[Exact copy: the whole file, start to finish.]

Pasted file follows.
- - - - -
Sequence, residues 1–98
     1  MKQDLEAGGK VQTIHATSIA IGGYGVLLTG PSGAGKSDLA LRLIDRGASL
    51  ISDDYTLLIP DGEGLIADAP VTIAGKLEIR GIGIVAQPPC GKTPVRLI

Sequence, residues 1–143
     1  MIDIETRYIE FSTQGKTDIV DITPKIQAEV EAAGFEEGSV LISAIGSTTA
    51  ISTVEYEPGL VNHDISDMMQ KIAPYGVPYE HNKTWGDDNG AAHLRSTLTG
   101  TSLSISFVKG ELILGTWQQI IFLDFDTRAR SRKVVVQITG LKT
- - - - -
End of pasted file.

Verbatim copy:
Sequence, residues 1–98
     1  MKQDLEAGGK VQTIHATSIA IGGYGVLLTG PSGAGKSDLA LRLIDRGASL
    51  ISDDYTLLIP DGEGLIADAP VTIAGKLEIR GIGIVAQPPC GKTPVRLI

Sequence, residues 1–143
     1  MIDIETRYIE FSTQGKTDIV DITPKIQAEV EAAGFEEGSV LISAIGSTTA
    51  ISTVEYEPGL VNHDISDMMQ KIAPYGVPYE HNKTWGDDNG AAHLRSTLTG
   101  TSLSISFVKG ELILGTWQQI IFLDFDTRAR SRKVVVQITG LKT